President Carter continued his slow journey through the Idaho wilderness yesterday, coming about as close as a president could ever come to genuine peace and quiet.
There were no handshakes, dignitaries to greet or protocol observed as the president, his family and a few friends floated gently down the Middle Fork of the Salmon River here. Security, while thorough, was low-keyed. Reporters, though on the river with him, were kept miles behind except for one or two token contacts with the presidential party.
The only sound at his campsite as he slept was the rush of the river.
The only comment he gave during the first two days of his trip was "how nice" it was not to have to make any comments.
The last reporters saw of him, Carter was bouncing in his 18-foot-long rubber raft over one of the river's small waterfalls, his arm wrapped snugly around daughter. Amy, to make sure she didn't fall out.
There was only one minor mishap. As the president was going over the falls, the handle to one of the oars guiding the craft snapped, delaying the trip for an hour while it was repaired.
Despite the million and a half acres of pine forest and cliffs surrounding this river, the Carters' three-day trip comes nowhere near "roughing it."
The large rubber rafts are expertly navigated by the most experienced wilderness guides in this area. The guides are equally proficient chefs, and served a deluxe dinner of marinated roast beef, clams, oysters, and strawberry shortcake prepared in a Dutch oven at the campsite.
The river changes moods every few miles. But it rarely gets rough at this time of year. Any danger comes not from raging rapids in the three-to-six-foot deep water, but from massive rocks and boulders that protrude from the river bottom. The guides zig and zag their craft through them with ease.
The ride over the Tappan Falls - a six-foot drop into foamy white water - is generally "as slick as a whistle," according to Dick Montgomery, who guided one of the three news media rafts over them yesterday.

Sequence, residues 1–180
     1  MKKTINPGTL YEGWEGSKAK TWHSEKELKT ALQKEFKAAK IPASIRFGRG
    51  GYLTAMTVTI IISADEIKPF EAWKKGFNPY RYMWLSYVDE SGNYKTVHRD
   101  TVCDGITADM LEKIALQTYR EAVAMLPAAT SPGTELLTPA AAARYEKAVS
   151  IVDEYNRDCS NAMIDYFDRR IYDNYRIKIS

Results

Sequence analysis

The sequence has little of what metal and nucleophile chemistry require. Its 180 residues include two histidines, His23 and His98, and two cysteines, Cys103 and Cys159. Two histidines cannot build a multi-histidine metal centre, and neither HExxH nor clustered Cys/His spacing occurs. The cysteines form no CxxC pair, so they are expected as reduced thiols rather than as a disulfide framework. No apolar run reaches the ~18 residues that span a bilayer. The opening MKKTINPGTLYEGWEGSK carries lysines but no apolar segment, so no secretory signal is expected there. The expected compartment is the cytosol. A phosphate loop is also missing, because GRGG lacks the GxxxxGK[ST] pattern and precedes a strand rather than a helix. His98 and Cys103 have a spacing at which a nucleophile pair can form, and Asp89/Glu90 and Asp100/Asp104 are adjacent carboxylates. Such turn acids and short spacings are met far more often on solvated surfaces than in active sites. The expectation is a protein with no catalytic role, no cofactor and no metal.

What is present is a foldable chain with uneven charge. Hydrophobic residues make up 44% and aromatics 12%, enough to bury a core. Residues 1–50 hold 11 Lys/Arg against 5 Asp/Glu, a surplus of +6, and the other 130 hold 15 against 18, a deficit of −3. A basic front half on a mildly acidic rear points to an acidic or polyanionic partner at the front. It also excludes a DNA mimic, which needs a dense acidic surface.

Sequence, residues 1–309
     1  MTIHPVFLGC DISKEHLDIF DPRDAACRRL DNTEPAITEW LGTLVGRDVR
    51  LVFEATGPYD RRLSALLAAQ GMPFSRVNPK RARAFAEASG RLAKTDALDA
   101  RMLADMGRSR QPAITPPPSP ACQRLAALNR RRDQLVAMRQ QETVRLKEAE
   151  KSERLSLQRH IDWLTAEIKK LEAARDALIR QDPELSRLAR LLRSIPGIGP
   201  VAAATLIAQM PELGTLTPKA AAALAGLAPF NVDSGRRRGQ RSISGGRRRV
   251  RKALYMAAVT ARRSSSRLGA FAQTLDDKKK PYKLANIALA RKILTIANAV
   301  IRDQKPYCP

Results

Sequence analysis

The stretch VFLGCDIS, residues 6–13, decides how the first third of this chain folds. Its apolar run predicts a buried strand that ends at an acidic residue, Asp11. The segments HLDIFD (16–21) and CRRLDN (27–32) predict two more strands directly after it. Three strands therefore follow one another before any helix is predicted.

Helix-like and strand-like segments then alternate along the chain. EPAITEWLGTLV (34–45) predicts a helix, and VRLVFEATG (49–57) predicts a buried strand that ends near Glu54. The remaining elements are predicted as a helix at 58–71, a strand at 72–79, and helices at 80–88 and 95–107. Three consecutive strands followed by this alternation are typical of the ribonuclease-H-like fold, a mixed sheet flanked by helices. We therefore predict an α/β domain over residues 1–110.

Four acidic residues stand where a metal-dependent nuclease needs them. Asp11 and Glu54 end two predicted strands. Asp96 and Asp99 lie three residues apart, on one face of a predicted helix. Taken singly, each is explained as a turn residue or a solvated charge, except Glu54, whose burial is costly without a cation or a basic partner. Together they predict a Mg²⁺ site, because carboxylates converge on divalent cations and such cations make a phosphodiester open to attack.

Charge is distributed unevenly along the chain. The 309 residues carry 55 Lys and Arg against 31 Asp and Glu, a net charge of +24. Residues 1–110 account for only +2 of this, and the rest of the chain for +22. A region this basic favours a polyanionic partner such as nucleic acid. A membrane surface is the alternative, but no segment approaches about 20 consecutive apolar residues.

As they traveled along with Interior Secretary Cecil D. Andrus and the Andrus family the Carters saw unspoiled territory.
The crystal-clear water is drinkable. There are no old tires or gasoline residues floating in it.
At the camsite, there are no beer cans left behind, no smelly outhouses, not even cigarette butts left as remnants of the 4,000 campers who make the 70-mile river trip each summer.
"There is no way you can have a bad time on the Middle Fork of the Salmon River," said Wallace T. Shiverdecker, a spokesman for the U.S. Forest Service here.
There was some concern at the start of Carter's trip about recent below-freezing nighttime temperatures and the intermittent hail and snow in the mountainous wilderness that greeted the first few hours of his journey.
But the president's first night out was relatively balmy, with temperatures never going below about 45 or 50 degrees. The sky was clear and starry and the moonlight was so bright that it awakened some campers during the night.
The president and his party set up their camp on a bend in the river in between two mountains 2,000 feet above the water after completing 30 miles of rafting at about four to six miles per hour.
They woke early and had a breakfast of pancakes, sausage and eggs. As the press raft passed him, Carter was warming his hands over a fire. He stopped to wave and grin.
The president's raft was accompanied by five other rafts, carrying other members of his party, the military aide with the famous nuclear war "black bag," Secret Service agents, forest rangers and communications people. No security protections were visible along the hills overlooking the river and no aircraft were visible over the president.
His advance team, usually grim looking, heavily armed Secret Service agents, was two Forest Service kayakers, who glided about a quarter mile in front of the presidential party.
A few reporters from the local newspaper, the Idaho Statesman, were spotted once or twice along the banks, but no more than seven or eight camping parties were seen during the second day of the trip. There are no roads in this area, though there are some airstrips. Hikers and mule teams can get through, but it is an arduous effort.
Carter completes his Idaho trip this afternoon and heads for Wyoming and the Grand Tetons for another week of vacation.